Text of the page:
The Kunstenaarscollectief de Kerk is made up of nine artists/members Eli Zegers, Ferry Chrispijn, Karin Voogd, Kimon Kirligitsis, Lea von Terzi, Pim Muis, Yvette de Wit, Yvonne Bronner and Ward Groutars. The collective has rented a Catholic church which is loosely divided into its members’ ateliers; it is used as a workspace but also a platform through which they show their work to the public. During Art Rotterdam / Open Ateliers the collective will open the church’s door to the public, show them where they work, and explain to them the process of creating. In addition, the collective has built an exhibition in the middle of the church, presenting their most recent work.
I got the chance to meet some members of the collective and see the exhibition in person before it opens for the public on the 21st and 22nd of April. Kimon Kirligitsis, my guide in this journey, is a member of the collective and the curator of this current small-scale exhibition. As he explains, opening their space and inviting people to get to know them and their work is more important than the exhibition itself.
The public will enter from the main entrance and they will immediately be encountered with a sitting space surrounded by plants. Straight ahead you see Yvette de Wit’s, the photographer of the group, ‘island’ as Kirligitsis calls it. Moving towards the church’s main space, you see their ateliers on your left and right. The different ateliers are open for the public to explore. They give the feeling of personal spaces in which you can find from painting tools to storing boxes, all together in an artistic ‘mess’.
Surrounded by the ateliers from both sides, three open walls are standing in the middle of the room. That is the exhibition space. Paintings are hanging on these walls but no descriptions are visible.
As Kirligitsis argues, people can focus on the artworks themselves and the artists will happily give them more information on them in person.
The first piece I notice on the front of the first wall is a piece by Kimon Kirligitsis’ series ‘Twisted image’. The cut out of a religious figure is immediately obvious, it is a saint whose name may not be of much importance. What is most interesting about this painting is its reference to Byzantine iconography mixed with a contemporary edge created by the figure’s form and intense colors. Kirligitsis is trained in iconography while he also did an apprenticeship in a Greek monastery with a nun. Here the method and technique learned in the monastery are reinvented in the contemporary setting. Living in a small community in Greece, Kirligitsis was often confronted with images of saints and realized how much religion affects culture and society as a whole. Kirligitsis’ artistic spectrum is not limited to religious painting, and as we see in the back of the wall there is a selection of an ongoing series of small-format paintings, representations of daily life, objects to which many of us can relate.
In the back of the second wall is hanging Eli Zegers’ painting. His work is abstract, focusing on spontaneous, even accidental, creation. His atelier is right behind the wall which makes a great connection and offers the visitor a complete image. The work shown has reminiscences of ‘accidental’ marks on the canvas which were further enriched by the artist. Kirligitsis explained that Zegers questions what is a painting and researches how it comes to be. At the back of the third wall 4 paintings are placed in a very pleasant arrangement. It is Zegers’ ‘Parergon series’. The first piece I notice is ‘#2 – Piëta’ which stands next to the evangelists from the same series. It is the abstract representation of the Pietà in intense dripping colors, Zeger’s interpretation of a subject that has marked art history.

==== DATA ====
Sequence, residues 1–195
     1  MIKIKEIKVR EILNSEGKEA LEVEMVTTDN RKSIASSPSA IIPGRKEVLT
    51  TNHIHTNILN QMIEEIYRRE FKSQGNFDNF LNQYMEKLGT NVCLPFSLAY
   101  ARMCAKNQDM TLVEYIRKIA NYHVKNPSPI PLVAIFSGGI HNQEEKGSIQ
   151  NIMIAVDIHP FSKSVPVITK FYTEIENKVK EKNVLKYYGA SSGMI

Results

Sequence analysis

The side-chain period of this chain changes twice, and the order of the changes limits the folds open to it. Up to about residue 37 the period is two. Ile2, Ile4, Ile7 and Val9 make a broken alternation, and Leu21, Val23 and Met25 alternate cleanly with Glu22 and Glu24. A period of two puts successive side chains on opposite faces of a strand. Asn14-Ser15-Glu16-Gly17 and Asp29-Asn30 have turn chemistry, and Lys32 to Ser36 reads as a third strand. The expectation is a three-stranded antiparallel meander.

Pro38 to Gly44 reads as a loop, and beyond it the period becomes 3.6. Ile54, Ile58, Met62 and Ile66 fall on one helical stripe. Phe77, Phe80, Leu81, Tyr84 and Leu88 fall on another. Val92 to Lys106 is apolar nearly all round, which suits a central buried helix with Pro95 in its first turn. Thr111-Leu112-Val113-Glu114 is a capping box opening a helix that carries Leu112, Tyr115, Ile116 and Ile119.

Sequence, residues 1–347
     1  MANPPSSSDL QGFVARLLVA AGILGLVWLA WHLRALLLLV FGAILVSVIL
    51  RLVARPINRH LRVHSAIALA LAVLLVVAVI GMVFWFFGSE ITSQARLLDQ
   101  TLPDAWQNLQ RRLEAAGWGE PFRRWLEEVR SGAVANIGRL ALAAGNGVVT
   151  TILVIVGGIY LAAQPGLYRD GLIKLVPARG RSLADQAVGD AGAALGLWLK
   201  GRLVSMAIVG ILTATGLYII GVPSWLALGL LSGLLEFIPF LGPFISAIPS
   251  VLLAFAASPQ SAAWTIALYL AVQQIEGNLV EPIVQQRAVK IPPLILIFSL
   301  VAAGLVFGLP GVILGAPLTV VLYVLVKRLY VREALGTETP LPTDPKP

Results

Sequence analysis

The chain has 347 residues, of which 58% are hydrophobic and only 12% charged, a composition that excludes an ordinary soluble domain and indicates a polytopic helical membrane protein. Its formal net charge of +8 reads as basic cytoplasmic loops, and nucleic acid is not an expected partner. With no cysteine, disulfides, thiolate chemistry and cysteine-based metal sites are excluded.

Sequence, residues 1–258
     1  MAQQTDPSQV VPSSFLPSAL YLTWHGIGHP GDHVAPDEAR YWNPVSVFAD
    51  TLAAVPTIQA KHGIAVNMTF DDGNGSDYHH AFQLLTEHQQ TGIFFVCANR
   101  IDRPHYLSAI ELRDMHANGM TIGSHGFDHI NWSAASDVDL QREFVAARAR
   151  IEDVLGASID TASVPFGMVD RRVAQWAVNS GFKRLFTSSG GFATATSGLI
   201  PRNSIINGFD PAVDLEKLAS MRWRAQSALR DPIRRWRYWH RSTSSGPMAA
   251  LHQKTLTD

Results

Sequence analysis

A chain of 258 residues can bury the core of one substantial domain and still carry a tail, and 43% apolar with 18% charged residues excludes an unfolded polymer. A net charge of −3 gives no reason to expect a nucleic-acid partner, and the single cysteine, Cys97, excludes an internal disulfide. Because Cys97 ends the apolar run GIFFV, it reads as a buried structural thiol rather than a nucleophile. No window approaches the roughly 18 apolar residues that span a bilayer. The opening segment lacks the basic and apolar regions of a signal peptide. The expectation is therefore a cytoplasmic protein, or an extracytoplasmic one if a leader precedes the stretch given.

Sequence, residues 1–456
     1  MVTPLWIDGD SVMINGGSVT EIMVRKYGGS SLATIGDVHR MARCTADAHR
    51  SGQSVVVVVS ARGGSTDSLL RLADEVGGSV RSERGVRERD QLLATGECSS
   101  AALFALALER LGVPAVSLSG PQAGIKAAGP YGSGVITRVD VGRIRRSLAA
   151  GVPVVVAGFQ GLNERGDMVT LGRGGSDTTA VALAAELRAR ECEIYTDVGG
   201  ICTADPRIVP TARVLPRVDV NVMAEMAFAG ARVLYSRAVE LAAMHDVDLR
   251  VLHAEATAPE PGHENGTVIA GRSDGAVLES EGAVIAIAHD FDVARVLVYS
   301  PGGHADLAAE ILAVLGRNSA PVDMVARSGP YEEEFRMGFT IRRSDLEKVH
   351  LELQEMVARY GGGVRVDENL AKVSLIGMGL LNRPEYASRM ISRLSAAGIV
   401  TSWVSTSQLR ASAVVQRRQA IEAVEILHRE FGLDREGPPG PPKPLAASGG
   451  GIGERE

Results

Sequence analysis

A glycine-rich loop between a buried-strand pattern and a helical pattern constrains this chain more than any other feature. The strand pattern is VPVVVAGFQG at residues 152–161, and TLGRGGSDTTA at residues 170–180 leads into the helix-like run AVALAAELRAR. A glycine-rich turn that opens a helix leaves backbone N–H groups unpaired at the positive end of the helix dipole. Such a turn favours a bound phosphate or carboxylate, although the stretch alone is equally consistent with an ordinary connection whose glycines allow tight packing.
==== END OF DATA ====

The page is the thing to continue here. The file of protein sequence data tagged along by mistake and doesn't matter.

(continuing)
On the third wall in the front, we see the small-scale paintings of Ferry Chrispijn whom Kirligitsis portrays as the ‘soul’ of the collective. The chancel of the church is transformed into his atelier, a cozy space that the artist himself considers ‘a work of art’ and which he is excited to show to the visitors. I strongly recommend not to miss visiting his atelier and talking to Ferry about his art, the church, and inspiration in life. He is a charismatic speaker who creates impressions of sunsets, influenced by Dutch masters, from a more ‘naïve’ point of view.
Lastly, in the middle wall, we see the imposing large-scale paintings of Lea von Terzi. Lea is an art student with a mature gaze in abstraction. We surely agreed on that with Kirligitsis. Standing in front of her two pieces, one painted in darker tones and the other one in lighter tones offers the eye a captivating contradiction. Von Terzi’s work is not limited to paintings and as the public will have the chance to see in her atelier it consists of several striking sculptures. You will surely feel the power and energy coming through her work.
Overall, the combination of the artworks hanging on the wall is working very nicely, despite the difference in the subject, methods, and styles. Moreover, the grandiose setting of the church and the feeling it conveys makes this exhibition even more worth visiting. But apart from the setting, visitors will be able to witness what the next generation of Rotterdam artists have to offer which is on its own very exciting. Gresa Mechili 18th May 2022